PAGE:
This is what coaches mean when they preach about getting north and south. It's not about breaking long runs, it's about gaining yards. The best running backs aren't necessarily the ones who can break 60 yard runs, but the ones who can take a one-yard gain and make it three yards through vision and discipline.

You see some of that again on this inside zone play against Buffalo in Week 9. The instant a running back turns his shoulers away from the line of scrimmage, he's gaining far less ground, and he's giving defenders an easier opportunity to close the gap between themselves and the ball.

Lanes will close quickly, which is why making a quick and decisive decision is critical for a runner. Note the singular. One decision. Running zone is about making one cut and getting up the field. Bell makes two of them on this play. He hesitates, makes a slight backside cut, then cuts again to the play side. In the short amount of time he spent doing that, the defense closed on him. Combined, he lost probably a step and a half of forward motion. That's maybe another two yards.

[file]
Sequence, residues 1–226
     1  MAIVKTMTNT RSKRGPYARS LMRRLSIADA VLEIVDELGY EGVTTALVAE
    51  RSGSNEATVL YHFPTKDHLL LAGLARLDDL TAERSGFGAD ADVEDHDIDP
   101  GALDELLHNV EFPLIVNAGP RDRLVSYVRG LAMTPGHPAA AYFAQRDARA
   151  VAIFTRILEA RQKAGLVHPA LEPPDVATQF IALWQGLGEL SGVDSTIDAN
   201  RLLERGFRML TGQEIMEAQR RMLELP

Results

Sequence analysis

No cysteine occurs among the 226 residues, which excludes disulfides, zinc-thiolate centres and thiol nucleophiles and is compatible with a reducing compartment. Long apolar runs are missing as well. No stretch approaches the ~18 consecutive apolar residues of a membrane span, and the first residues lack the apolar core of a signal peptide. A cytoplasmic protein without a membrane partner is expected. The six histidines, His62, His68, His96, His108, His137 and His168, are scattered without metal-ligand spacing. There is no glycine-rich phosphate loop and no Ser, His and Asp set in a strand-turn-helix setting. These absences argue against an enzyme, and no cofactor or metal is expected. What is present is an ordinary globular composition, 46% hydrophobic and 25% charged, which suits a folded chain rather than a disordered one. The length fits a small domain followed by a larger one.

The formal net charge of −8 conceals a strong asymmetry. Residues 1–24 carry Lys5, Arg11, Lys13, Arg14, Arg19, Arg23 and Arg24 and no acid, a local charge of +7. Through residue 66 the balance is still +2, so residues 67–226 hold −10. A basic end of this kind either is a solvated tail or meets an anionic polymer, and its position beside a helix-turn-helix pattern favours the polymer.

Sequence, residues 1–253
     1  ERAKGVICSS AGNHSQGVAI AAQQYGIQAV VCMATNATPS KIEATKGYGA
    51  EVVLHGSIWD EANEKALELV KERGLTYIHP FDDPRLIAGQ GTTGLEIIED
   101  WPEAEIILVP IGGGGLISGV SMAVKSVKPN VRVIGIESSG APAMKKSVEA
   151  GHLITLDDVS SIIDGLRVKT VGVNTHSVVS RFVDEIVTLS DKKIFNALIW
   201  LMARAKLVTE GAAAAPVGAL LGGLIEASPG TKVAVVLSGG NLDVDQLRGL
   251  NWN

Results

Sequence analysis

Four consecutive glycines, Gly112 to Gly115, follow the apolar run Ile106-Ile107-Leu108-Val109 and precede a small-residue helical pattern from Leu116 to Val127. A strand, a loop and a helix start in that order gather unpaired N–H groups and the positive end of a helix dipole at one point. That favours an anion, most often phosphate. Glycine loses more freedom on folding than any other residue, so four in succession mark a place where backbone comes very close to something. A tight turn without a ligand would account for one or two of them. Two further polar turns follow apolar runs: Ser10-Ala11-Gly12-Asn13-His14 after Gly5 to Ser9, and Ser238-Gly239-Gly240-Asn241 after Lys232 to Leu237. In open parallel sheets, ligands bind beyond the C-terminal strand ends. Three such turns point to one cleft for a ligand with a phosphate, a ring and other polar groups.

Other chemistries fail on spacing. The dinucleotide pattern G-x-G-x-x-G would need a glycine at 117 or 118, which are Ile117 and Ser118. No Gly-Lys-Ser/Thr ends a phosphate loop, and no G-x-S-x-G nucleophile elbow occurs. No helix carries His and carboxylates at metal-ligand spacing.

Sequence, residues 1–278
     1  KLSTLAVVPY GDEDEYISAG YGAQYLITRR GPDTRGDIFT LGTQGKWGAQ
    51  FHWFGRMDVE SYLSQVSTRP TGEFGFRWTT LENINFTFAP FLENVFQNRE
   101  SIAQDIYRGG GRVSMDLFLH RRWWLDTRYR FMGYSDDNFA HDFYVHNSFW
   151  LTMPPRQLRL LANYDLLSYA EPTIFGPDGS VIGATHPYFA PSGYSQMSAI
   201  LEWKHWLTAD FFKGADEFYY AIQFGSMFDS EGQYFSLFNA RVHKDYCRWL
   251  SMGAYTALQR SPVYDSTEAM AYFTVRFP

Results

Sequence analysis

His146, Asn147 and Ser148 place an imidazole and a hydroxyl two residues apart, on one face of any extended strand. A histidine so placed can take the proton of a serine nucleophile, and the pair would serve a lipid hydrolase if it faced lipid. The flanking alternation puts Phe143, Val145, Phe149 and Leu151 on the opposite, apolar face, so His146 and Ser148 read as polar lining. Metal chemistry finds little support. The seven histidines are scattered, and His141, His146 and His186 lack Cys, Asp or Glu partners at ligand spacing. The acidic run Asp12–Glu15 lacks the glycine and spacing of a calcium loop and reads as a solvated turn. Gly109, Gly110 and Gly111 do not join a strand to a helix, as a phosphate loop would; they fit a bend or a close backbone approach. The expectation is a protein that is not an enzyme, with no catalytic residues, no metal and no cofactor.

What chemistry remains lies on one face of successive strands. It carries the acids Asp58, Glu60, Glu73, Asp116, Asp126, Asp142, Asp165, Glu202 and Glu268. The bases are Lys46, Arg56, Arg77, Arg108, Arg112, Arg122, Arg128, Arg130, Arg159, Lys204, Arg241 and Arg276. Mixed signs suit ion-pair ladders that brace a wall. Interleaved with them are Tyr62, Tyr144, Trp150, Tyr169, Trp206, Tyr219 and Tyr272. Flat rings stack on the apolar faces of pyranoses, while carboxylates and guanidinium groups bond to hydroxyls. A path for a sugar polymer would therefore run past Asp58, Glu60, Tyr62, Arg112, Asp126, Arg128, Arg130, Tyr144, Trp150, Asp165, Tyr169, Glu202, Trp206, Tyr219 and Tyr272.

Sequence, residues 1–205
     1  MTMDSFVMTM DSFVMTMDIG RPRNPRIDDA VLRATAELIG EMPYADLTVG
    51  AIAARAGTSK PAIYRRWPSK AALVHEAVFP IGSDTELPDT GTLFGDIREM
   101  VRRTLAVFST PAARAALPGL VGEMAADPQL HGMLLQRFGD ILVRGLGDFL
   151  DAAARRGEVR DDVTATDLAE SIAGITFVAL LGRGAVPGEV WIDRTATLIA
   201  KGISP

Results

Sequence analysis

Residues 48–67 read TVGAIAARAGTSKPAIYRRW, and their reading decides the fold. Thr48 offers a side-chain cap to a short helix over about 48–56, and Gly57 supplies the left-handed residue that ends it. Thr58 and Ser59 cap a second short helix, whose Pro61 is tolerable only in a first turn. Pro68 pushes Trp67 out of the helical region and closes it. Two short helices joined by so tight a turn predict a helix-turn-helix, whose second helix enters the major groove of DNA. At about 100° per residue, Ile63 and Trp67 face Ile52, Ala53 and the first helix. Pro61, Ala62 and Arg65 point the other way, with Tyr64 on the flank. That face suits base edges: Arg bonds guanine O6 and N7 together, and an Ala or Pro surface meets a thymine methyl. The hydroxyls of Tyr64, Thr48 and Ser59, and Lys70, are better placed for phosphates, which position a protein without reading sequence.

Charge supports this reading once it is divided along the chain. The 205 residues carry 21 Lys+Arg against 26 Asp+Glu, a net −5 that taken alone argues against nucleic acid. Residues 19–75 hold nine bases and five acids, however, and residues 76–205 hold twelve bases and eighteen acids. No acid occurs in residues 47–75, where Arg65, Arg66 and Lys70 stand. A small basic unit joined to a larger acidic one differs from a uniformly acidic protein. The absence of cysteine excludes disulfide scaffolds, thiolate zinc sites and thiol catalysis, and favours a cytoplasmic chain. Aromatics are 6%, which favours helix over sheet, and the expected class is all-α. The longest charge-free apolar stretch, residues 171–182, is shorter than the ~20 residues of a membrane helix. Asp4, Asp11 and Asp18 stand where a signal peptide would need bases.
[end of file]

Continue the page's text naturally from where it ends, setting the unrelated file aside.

While the cornerback on the backside would take him down from behind, he still would have had more yards than the direction he chose. Moving away from Bills LB Kiko Alonso, a great run defender, should always be considered a better option. In this case, Bell ran right into him, when he might have been able to slip the cornerback's tackle off his blitz, and gotten inside left guard Ramon Foster as he reached Alonso.

Again, these plays aren't showing how Bell should have broken free for a touchdown, but the ability to get three yards on a play that might go for one yard is, over the course of a season, the difference between a great running game and a mediocre one.

If you're looking for reasons to be optimistic about Bell's future, watch him in Week 16 against the Packers. It's no coincidence the Steelers were scoring frequently and Bell was having his most success as a runner. This was Bell's first 100-yard rushing performance, and while he fumbled for the first time in this game as well, if he can duplicate his vision and anticipation, he'll be among the league leaders in rushing.